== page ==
Stories like that are inherent in our history—and when I say “our history,” the baseball lineage history. Players today should know more about that. The history of our game is what makes our game the greatest game in the world.
Later in life, I realized how important Moe Berg was; I read the book The Catcher Was a Spy. I was proud to know that people in our game were such tremendous patriots – not only Berg but many other players who served during WW II: Ted Williams, Joe DiMaggio, Bob Feller, Hank Greenberg, and others who selflessly gave of themselves to our country. They are to be admired and honored forever.
I never met Greenberg. I know he was Jewish and that bit of ethno-centrism, that we were both Jewish, made me proud Jews can excel in our national game.
Like Greenberg, Sandy Koufax retired long before I began my own baseball career. But I did meet Sandy a number of times. He is a gentleman above all, a quiet man. He gave of himself very sparingly but when he did, he was all in. He talked to pitchers whenever the situation warranted. He held nothing back once he was committed.
When I was a kid, I met Berg, a friend of my next-door neighbor John “Sparrow” Moran [Flip’s dad]. I even remember playing catch with him in my backyard. I do remember that Berg took the train with Sparrow Moran from Princeton to New York most days and I remember he was a catcher. Moran was a conductor on the now-defunct Pennsylvania Railroad.
My Jewish pride stems from the fact that these players were as good as they were AND we shared a heritage. Greenberg, Koufax, Al Rosen, and Ryan Braun won Most Valuable Player awards while Koufax and Steve Stone, along with half-Jew Jim Palmer, won Cy Young Awards.
Among today’s players, Shawn Green carved his own niche in baseball history, hitting four home runs, a double, and a single in one game. That gave him 19 total bases, one more than Joe Adcock, who hit four home runs and a double for the Milwaukee Braves against the Brooklyn Dodgers in the ‘50s.
I was always a Shawn Green fan. He came to the big leagues as a Toronto Blue Jay. I knew he was Jewish and did go out of my way to be a little nice to him, to make him feel welcome to the big leagues. It was because of the kindred spirit that we all kind of have.
I’m glad he did well but I never would do anything to help. There was one American League pitcher who shall remain nameless. He had a very Jewish name. We were in the dugout one day, before a game when he came to me and said, “Hi, Al.” I said, “How you doing?” He said, “You know, it’s good to see you. I hear that you’re Jewish.” I said, “Yeah, I am.” He said, “You know, I am too.” I said, “Yeah, it’s pretty obvious.” He said, “I’d like to stay up in the big leagues, and any time you’re back there, calling balls and strikes, would you give me a little help? I’d really appreciate it.”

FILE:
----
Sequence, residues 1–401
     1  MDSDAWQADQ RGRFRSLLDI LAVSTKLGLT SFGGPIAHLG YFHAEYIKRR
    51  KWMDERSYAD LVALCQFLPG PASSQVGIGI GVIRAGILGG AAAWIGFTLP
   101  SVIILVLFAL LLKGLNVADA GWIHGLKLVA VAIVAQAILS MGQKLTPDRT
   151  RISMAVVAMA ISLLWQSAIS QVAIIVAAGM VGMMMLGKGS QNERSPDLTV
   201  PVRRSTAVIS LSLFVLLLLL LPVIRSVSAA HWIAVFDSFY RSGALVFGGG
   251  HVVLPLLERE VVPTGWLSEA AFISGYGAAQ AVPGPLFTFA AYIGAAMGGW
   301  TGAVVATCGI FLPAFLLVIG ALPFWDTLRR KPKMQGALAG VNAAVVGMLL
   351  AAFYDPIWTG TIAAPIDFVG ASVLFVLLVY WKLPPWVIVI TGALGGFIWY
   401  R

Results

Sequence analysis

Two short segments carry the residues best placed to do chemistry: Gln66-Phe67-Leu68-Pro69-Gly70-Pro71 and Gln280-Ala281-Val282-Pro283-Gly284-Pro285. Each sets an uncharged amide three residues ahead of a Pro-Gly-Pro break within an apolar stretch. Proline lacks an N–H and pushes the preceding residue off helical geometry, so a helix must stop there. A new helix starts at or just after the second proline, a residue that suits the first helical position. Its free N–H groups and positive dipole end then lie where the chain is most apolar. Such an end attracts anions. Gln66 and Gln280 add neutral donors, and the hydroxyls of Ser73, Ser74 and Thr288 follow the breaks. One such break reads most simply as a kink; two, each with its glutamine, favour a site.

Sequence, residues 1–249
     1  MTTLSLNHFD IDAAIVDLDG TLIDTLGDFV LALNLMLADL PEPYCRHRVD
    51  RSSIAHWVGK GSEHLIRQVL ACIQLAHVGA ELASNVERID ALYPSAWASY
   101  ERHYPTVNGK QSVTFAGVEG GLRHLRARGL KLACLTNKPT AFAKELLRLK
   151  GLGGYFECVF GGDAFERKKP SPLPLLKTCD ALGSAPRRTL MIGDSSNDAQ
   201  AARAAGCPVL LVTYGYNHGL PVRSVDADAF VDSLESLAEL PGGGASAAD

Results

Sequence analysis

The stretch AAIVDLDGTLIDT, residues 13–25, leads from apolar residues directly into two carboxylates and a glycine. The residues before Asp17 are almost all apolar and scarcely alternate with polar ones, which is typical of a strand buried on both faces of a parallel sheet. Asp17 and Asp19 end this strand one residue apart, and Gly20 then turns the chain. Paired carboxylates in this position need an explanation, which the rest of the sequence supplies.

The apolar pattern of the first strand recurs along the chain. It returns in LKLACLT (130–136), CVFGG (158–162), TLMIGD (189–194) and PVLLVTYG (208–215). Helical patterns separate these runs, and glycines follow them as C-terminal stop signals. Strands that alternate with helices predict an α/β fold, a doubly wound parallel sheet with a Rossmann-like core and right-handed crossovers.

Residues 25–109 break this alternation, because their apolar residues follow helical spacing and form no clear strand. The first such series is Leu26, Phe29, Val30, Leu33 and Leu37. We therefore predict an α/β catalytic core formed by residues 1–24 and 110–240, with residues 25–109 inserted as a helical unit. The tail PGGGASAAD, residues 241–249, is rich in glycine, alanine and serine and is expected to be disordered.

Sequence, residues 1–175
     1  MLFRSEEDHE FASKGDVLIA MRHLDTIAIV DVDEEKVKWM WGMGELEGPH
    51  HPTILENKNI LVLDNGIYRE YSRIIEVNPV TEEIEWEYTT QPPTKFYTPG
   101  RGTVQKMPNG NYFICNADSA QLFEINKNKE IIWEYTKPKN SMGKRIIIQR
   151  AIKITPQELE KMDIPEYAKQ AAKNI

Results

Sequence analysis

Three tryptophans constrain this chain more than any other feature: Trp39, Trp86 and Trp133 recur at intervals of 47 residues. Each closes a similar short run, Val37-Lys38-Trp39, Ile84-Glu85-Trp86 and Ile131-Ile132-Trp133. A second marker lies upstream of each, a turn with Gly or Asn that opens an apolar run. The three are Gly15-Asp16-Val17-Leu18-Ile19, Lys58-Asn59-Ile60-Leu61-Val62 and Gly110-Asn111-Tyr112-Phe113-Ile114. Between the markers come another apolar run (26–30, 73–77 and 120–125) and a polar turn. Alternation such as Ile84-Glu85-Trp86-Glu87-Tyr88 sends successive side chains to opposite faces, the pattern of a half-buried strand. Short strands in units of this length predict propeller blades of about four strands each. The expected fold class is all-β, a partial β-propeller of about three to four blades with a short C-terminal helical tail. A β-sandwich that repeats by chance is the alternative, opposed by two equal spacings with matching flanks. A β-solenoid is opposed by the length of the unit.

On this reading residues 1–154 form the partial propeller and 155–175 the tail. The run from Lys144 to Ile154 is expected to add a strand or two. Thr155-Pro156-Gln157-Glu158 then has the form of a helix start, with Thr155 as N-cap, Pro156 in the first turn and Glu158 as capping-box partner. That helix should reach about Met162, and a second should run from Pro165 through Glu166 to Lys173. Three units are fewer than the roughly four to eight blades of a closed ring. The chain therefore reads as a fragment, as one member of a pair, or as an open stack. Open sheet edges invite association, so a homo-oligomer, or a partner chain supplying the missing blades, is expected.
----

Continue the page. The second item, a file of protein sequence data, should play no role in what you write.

I curtly and strongly told him that was not the way it was going to be. I told him to rest assured that this conversation will never be repeated, not to any other umpires or to anyone else. Thank goodness, baseball’s umpires do not think of anything except the merits of play.
I don’t think that guys knew I was Jewish. Or cared. Green knew because I told him. Rod Carew knew. Jesse Levis knew. And a few others.
There was one September game in Milwaukee when Green was batting, Levis was catching for the Brewers, and I was the home-plate umpire. It was almost Rosh Hashanah. We wished each other a Happy New Year when we were together at home plate.
Shawn was a good guy. After he had established himself as a star, he came to me once between innings of a game and said, “Listen, anytime you need anything, you know, autographs or bats or balls or anything like that for any charity events, you make sure you call me first.” I thought that was very nice of him.
There are so few Jews in baseball that there’s a fraternity or a family that supersedes baseball. Maybe it’s the heritage we’ve all shared. It’s certainly not anything overt; it’s just a feeling.
I’ve never been to Israel but my dad was there. He went over on a Jewish Times trip.
He used to write for that publication so they took him over there and he had a great time. There was a Jewish magazine convention in Jerusalem he attended.
Long after my career ended, a six-team professional league was founded in Israel. Dan Duquette, now general manager of the Baltimore Orioles, was the American contact and a number of Jewish players – Ron Blomberg, Ken Holtzman, and Art Shamsky – were involved as managers. Blomberg’s team won the championship. Unfortunately, the Israel Baseball League (IBL) lasted just one season, 2007.
I tried to become a consultant to that league, helping their umpires, but it never materialized. I would’ve loved going over and doing some clinics and working with the umpires in Israel.
I never experienced any overt anti-Semitism in the major leagues but had three shaky incidents back in the minors.
My partner Ted Hendry and I were walking out of the ballpark in Indianapolis after the Indians played a game against the Iowa Oaks. When Ted and I were walking to our car an hour after the ballgame, there weren’t a lot of people around. Denny McLain, once a 30-game winner for the Tigers who was back in the minors and on his way out of the game, and Ray Busse, a shortstop who had a cup of coffee in the big leagues, were both on the Iowa roster. Iowa had lost that night and I had worked home plate. Unprovoked by anything, they both started verbally attacking me, “You kike son of a bitch. What the fuck is a Jew doing in our game? You don’t deserve to be here. Go the fuck home, you kike motherfucker.” The players both thought their rant was quite funny but neither Ted or I did.